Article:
Complaint Is Agency’s First Against Defendants Promising Payday Loan Debt Relief
The Federal Trade Commission has filed a complaint in federal district court, aiming to stop an operation that has targeted consumers with outstanding payday loans, saying they could help resolve those debts but then providing little or none of the financial relief they promised. As a result, many consumers stopped making payments to the original lenders and found themselves in even deeper financial trouble, having paid hundreds of dollars in fees for no benefit.
“The defendants promised to help people struggling to make payments on their payday loans,” said Jessica Rich, Director of the FTC’s Bureau of Consumer Protection. “Instead, they took the money and ran, leaving their customers deeper in debt.”
According to the FTC’s complaint against Payday Support Center, LLC, now known as PSC Administrative, LLC, and related parties, starting in August 2012 the defendants have used the Internet, radio, and telemarketing to target consumers who owe multiple debts on payday loans, which are typically short-term loans with high interest rates.
The FTC alleges that the defendants induce consumers into enrolling in their “financial hardship program” by claiming that they will negotiate with the lenders to reduce consumers’ payments and eliminate their debt. They advise consumers to stop making direct payments to their lenders and to pay money to the defendants instead, promising that within four to six months, the loans will be paid off.
Their radio and the Internet advertisements include statements such as:
- “Are payday loans ruining your life? Do you have more payday loans than you’re able to pay back right now? If you have two or more payday cash advance loans, listen closely…”
- “All you need is two or more payday loan cash advances to qualify. Even if you’re behind, in collections or have bad credit. We’ll even help you with your internet payday loans…”
The FTC alleges that, in telemarketing calls targeting these financially distressed consumers, the defendants say that they have gone through a “qualifications check,” and that consumers are confirmed to participate in their special “financial hardship program.” They then promise to “get rid of,” “pay off,” or “take care of” all of the consumers’ payday loan debts.
They allegedly also tell consumers that they will negotiate “interest free” payment on the loans through the program, falsely implying that the debts would be paid off, free of all interest and fees. As part of the program, the defendants require consumers to make bi-weekly payments to them, typically between $98 and $160.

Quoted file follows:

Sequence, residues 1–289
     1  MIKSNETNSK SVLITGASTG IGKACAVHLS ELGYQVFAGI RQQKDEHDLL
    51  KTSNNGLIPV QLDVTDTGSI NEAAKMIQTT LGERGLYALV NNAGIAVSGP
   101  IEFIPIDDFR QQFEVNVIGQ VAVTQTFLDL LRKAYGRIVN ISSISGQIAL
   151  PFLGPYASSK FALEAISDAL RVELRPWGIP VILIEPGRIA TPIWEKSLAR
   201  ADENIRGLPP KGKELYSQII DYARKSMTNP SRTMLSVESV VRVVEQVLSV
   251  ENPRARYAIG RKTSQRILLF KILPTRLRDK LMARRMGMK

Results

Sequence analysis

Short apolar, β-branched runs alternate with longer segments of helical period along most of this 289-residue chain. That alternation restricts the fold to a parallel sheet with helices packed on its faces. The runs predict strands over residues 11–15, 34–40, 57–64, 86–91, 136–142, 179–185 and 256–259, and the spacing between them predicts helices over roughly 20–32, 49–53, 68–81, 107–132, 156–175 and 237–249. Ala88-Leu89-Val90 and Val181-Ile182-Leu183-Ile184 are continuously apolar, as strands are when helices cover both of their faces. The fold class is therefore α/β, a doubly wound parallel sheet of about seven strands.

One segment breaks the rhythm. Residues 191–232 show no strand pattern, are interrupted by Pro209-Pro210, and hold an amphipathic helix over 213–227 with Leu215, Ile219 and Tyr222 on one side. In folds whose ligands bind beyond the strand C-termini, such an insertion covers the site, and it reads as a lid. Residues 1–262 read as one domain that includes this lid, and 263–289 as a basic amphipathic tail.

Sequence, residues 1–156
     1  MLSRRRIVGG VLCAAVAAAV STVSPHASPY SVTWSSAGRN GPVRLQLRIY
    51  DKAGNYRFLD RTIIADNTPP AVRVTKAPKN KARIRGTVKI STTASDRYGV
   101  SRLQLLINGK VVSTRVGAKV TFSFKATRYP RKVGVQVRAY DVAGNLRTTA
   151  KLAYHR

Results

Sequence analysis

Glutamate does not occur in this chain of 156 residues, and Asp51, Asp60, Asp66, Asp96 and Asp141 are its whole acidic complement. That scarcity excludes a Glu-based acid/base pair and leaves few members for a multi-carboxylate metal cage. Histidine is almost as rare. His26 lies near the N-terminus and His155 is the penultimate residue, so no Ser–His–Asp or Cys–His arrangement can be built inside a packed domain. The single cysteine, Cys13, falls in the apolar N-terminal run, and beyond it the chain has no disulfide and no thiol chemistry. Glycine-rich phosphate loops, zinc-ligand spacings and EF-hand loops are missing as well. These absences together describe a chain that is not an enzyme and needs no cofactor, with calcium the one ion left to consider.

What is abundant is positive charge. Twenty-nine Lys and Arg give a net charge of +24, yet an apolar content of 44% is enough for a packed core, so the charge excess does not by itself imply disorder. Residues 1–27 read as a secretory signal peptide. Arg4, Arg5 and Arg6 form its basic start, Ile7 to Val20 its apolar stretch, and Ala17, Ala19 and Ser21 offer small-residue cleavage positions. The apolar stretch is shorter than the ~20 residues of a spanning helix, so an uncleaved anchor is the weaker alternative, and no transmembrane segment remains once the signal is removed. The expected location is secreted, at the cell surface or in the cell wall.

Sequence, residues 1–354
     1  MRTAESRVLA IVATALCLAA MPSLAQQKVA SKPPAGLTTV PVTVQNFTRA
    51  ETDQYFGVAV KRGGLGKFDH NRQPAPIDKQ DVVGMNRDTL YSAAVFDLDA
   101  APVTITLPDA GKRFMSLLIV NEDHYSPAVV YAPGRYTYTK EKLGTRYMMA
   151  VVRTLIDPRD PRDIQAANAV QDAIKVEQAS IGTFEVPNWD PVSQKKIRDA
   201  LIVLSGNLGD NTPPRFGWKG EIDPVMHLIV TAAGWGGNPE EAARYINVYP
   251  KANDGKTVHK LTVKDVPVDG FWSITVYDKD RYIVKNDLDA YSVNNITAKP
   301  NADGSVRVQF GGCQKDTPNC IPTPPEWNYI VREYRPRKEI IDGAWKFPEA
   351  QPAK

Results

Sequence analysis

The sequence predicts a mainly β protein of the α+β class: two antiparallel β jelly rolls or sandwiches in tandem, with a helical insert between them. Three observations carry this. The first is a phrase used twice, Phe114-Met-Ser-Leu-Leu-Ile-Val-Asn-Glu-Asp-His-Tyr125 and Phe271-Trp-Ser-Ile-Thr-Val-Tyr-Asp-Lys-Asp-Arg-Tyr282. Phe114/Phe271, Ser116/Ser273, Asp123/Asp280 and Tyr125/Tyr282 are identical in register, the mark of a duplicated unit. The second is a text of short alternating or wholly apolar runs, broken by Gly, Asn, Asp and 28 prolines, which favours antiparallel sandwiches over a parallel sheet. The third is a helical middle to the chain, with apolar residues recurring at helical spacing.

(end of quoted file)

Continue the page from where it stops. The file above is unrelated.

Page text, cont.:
In reality, the FTC alleges, the defendants provide little or no debt relief services for their clients, and their limited actions do not generally eliminate or even reduce most clients’ payday loans. While the defendants send “validation” form letters to some lenders, the lenders typically have ignored these letters and continued their collection efforts. Based on this conduct, the FTC has charged the defendants with violating the FTC Act, which prohibits deceptive acts and practices, and the agency’s Telemarketing Sales Rule, which prohibits abusive and deceptive telemarketing practices.
The complaint names as defendants: 1) PSC Administrative, LLC, formerly known as Payday Support Center, LLC; 2) Coastal Acquisitions, LLC, doing business as Infinity Client Solutions; 3) Jared Irby, individually and as an officer of PSC Administrative, LLC; and 4) Richard Hughes, individually and as an officer of PSC Administrative, LLC.
In filing the complaint, the FTC is seeking to permanently stop the defendants’ allegedly illegal conduct, as well as a monetary judgment for refunds to return to consumers defrauded by the operation.
Information for Consumers
The FTC has information for consumers about the possible pitfalls of payday loans and online payday loan brokers. It also has a video on its website describing how the payday loan process works.
The Commission vote approving the complaint was 5-0. It was filed in the U.S. District Court for the Southern District of Alabama.
NOTE: The Commission files a complaint when it has “reason to believe” that the law has been or is being violated and it appears to the Commission that a proceeding is in the public interest. The case will be decided by the court.
The Federal Trade Commission works for consumers to prevent fraudulent, deceptive, and unfair business practices and to provide information to help spot, stop, and avoid them. To file a complaint in English or Spanish, visit the FTC’s online Complaint Assistant or call 1-877-FTC-HELP (1-877-382-4357). The FTC enters complaints into Consumer Sentinel, a secure, online database available to more than 2,000 civil and criminal law enforcement agencies in the U.S. and abroad. The FTC’s website provides free information on a variety of consumer topics. Like the FTC on Facebook, follow us on Twitter, and subscribe to press releases for the latest FTC news and resources.
Mitchell J. Katz
Office of Public Affairs
Bureau of Consumer Protection